Things like tomatoes and potatoes are highly susceptible to fungal pathogens. By only planting them in the same location once every five years, you can reduce the likelihood of pathogens emerging. That means no need to use fungicides and imbalance your organic soil.

    What I love crop rotation for, though, is soil aeration and nutrient scavenging. Different plants have different root structures. Tap-rooted plants dig deep and bring up lower down nutrients. Shallow-rooted plants feed in the top few inches of soil.

    By changing up plants based on rooting habits, your plants can access more nutrients in the same soil without depleting it. Those varying root types also aerate the soil so water and air can get in through by multiple root pathways and expand the reach of your biological life forms.

    The Don'ts of Organic Gardening

    organic vegetable gardenorganic vegetable garden

    Now that you know what to do, here are some things to avoid so you don't derail your efforts.

    1. Don't Use Strong or Fast Acting Fertilizers

    I generally avoid salt-based fertilizers (e.g., anything with ammonium in the title). These tend to acidify the soil and can be detrimental to the production of soil life forms.

    I avoid using most things with a water-soluble nutrient quantity higher than 30-40%. Fertilizers with 50-70% (or more) water-soluble nutrients can wash out with rain and run off to areas where I don't need them. Plus, they cause plants to grow too fast for good health, and that makes them more likely to have pest and disease problems.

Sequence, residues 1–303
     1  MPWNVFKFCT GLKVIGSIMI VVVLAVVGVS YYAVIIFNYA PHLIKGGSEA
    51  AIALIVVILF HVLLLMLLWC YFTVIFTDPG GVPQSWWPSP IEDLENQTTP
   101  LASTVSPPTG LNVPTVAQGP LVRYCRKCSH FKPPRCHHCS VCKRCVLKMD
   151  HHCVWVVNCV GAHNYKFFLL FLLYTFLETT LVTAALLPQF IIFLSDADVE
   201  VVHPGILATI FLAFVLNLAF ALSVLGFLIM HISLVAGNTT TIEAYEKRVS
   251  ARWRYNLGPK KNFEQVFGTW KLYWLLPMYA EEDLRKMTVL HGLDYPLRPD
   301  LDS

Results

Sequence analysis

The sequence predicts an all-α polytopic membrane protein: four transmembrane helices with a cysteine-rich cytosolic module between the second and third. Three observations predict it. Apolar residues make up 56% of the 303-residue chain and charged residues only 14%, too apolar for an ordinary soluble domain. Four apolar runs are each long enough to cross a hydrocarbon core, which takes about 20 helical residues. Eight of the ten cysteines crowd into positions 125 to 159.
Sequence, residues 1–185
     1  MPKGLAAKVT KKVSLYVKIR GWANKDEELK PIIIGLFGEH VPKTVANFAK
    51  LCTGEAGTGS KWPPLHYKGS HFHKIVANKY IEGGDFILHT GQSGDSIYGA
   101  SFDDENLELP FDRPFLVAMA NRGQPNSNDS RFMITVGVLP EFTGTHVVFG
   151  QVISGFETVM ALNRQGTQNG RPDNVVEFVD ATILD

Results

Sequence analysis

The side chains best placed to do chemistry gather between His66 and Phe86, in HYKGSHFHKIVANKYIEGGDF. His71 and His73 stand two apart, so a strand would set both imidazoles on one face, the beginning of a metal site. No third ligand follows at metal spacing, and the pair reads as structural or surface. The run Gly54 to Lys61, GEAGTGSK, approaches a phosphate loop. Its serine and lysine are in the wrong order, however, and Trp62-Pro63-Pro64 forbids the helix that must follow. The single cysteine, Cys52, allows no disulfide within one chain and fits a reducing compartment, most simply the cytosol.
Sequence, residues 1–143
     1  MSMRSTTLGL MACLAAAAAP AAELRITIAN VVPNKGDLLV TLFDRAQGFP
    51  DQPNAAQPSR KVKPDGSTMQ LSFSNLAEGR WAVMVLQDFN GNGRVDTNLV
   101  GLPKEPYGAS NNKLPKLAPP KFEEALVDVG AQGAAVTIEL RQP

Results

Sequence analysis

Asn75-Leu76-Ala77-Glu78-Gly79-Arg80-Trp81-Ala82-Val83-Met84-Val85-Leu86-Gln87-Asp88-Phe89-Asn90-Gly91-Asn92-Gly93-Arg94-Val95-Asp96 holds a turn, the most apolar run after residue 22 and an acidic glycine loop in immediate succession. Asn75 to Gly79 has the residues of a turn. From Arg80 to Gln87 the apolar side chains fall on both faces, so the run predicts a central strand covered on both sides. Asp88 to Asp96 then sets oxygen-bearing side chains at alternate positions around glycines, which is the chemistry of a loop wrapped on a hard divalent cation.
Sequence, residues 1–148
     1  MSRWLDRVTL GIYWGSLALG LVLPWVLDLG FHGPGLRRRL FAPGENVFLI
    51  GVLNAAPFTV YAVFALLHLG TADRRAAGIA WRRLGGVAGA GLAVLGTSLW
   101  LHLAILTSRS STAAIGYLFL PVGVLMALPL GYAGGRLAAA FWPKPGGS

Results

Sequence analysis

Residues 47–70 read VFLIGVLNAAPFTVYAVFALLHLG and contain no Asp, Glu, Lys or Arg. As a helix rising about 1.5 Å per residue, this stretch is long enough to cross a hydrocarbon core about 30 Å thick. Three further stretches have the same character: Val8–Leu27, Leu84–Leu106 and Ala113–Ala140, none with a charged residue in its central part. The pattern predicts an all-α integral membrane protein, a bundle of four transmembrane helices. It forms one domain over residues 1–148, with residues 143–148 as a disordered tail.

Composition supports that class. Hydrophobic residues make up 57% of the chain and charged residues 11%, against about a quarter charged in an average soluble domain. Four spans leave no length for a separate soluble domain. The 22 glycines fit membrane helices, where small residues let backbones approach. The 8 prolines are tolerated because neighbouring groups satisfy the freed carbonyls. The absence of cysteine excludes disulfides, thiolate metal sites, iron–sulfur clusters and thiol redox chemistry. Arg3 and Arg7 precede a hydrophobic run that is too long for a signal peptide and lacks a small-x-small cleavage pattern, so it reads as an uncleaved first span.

If I do occasionally need a fast-acting fertilizer to address a deficiency in a plant (e.g., purple leaf tips equals phosphorous deficiency), I'll use an organic liquid fertilizer applied to the leaves for emergencies – compost teas designed to treat the specific deficiency work best for me.

    2. Don't Compost Diseased Plants

    Since most of us organic gardeners make some or all of our own compost, it's important that you avoid composting any diseased plant matter. Fungal pathogens, in particular, are persistent and can be transmitted by the compost.

    When in doubt, leave it out of your compost pile!

    3. Don't Apply Chemical Loaded Water

    If your water supply is full of chlorine or other stinky chemicals, it's not a good idea to apply that to your garden. Those chemicals are specifically designed to kill bacteria and other micro lifeforms.